The Language of the Quran (Part 2): Between The Vernacular (al-lughah al-urfiyyah) and Transcendental (ma fawq al-urfiyyah)

By Shaykh Ḥaydar Ḥubbullāh[1]

Transcribed by Muhammad Jaffer

In the previous article, we explained the vernacular theory of Qurānic language as espoused by a wide range of exegetes, tradents, and jurists.[2] In this discussion we will expand on the opposing perspective, which posits that the language of the Qurān transcends the bounds of human communication. There are several variants of this theory, which we will survey briefly along with their most well-known proponents.

I. The Theory of Transcendental Language of the Qurān

As we discussed for the vernacular theory of Qurānic language, there are two iterations of the transcendental theory as well:

1. The Puritanical View

The proponents of this theory propose that there is no vernacular language in the Qurān at all. In turn, they believe that wherever the language may seem vernacular at first glance, it is only illusory. The proponents of this stringently extreme view are few and far between.

2. The Combinatorial View

This is the more common iteration of this theory; its proponents believe that the Qurān consists of verses that can be understood vernacularly, although much of its language nonetheless transcends human diction and must be decoded through a higher-level filter.

We find several sub-viewpoints within the theory of transcendental language; these are not mutually exclusive but rather seem to intersect with one another. Nonetheless, it is useful to particularize them to facilitate further discussion and analysis.

1. The Parabolic View (al-ittijāh al-ramzī)

This view proposes that since God is unlimited, the Qurān must reflect His omniscience and therefore it is impossible for its language to be constrained by congruent lexical coinage (al-dilālah al-muṭābaqiyyah).[3] The Quran needs to be looked at in a way that transcends lexical and apparent meanings; rather, we must derive the meaning between the lines through appreciating its profundity; the superficial meanings are not what are intended.[4] Since the metaphysical is incapable of being exposited in words,  we must employ a parabolic perspective (al-ṭarīqah al-munḥaniyah) to understand the Qurān. It is not aiming to speak to us directly and clearly, but rather it consists of universal allusions and references that transcend the dimensions of time and space.[5] The meaning has nothing to do with the literal/lexical meanings, rather what is intended is the underlying concept. The Quranic language needs to be understood like this: each sentence has a meaning hidden between the lines.[6] Therefore, per this viewpoint all the efforts that have tried to analyze the Quran directly are incorrect.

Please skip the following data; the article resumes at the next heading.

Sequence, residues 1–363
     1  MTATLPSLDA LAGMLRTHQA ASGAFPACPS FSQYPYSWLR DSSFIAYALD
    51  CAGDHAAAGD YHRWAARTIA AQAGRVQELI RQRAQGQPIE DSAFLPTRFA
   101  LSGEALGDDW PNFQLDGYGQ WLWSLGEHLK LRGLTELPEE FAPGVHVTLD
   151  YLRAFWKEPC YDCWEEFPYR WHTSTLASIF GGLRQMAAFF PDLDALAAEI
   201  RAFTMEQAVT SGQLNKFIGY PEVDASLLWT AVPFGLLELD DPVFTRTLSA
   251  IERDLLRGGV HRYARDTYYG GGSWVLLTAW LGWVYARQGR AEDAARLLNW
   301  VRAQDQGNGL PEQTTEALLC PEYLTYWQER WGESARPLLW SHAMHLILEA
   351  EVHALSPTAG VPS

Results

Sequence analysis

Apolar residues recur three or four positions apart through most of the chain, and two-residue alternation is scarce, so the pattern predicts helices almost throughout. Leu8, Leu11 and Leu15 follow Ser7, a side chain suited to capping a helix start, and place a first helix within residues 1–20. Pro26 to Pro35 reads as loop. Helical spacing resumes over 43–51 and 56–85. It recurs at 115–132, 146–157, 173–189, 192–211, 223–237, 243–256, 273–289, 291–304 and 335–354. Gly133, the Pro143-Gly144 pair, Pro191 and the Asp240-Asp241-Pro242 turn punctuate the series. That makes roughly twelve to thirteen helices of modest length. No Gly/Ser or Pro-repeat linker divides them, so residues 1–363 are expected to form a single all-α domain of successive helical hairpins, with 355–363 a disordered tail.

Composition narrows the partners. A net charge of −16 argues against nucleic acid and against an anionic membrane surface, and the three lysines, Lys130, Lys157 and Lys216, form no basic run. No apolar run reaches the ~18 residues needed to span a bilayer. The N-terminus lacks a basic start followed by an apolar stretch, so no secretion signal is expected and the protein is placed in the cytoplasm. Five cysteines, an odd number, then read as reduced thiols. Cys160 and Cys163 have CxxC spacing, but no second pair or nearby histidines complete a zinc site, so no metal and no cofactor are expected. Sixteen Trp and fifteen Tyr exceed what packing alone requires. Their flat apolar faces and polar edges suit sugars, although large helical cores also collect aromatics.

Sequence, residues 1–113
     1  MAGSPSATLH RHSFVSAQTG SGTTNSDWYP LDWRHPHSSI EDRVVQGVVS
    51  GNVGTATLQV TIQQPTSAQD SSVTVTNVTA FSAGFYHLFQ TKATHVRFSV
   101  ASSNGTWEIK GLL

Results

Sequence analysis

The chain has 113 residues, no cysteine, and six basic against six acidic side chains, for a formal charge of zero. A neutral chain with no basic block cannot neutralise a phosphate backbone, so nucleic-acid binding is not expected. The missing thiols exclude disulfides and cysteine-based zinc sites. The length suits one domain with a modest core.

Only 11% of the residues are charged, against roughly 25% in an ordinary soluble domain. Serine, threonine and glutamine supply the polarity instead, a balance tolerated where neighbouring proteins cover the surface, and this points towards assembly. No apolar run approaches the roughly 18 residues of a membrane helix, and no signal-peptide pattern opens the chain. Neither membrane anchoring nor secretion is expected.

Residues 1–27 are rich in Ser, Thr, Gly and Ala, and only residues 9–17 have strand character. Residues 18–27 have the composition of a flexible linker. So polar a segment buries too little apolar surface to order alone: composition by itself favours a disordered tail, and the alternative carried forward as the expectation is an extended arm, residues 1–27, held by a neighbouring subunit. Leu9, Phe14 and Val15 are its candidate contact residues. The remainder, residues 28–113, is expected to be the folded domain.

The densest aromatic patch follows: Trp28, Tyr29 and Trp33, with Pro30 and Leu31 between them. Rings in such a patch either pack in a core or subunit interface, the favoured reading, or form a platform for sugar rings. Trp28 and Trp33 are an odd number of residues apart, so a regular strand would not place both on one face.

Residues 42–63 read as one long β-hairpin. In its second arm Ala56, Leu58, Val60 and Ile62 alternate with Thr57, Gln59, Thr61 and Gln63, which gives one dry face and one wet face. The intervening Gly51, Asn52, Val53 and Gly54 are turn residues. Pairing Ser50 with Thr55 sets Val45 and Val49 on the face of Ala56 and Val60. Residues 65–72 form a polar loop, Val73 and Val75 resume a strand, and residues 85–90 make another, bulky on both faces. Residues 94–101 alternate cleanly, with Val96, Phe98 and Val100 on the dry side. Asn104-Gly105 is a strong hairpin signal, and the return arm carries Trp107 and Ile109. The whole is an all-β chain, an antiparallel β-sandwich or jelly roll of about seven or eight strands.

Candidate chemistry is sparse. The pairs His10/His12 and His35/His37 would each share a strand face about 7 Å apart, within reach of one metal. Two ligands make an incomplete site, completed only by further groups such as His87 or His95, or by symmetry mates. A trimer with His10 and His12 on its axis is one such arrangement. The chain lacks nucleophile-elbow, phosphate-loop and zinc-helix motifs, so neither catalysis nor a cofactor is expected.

While traces of this parabolic approach were present since antiquity, the founding pioneer of this parabolic theory in scriptural exegesis was the Christian German theologian and existentialist philosopher Paul Tillich (d. 1965). His theory came to reconcile divine scripture with scientific, historical, and philosophical phenomena.[7] As it is said, theologians innovate theories in the setting of exigency. In this case, it was about redefining scripture into a set of allegories.

In the setting of this parabolic approach, we see a perspective emerge known as “the denial of scriptural literalism” (nafy al-lughah al-waṣfiyyah): that is, that scriptural language is not based in reality at all but is simply trying to construct a moral and a religious philosophy. There is therefore no meaning in trying to correlate the Qurān with historical or scientific realities, as the scripture simply consists of parabolic stories designed to send ethical messages to the listeners. Instead, the Qurān is only narrating stories much like a theatrical/artistic storyteller, simply aiming to spur its audience towards a higher morality and spirituality.[8] This opens the door to mythical reading of the scripture, whereby it is proposed that the Qurān employs mythical and legendary beliefs to exposit higher humanistic principles.[9] In the Judeo-Christian world, we find roots of this idea in the writings of the post-Kantian philosopher Ernst Cassirer (d. 1945), who proposed in his “Theory of Symbolic Forms,” whereby religion is interpreted as arising from a mythical consciousness as an expressive function of symbolic meaning. Of course, after Cassirer this theory found its own proponents in the Muslim world too.[10] Amidst all the following viewpoints we will discuss, this strain is particularly extreme in its opposition to vernacular language.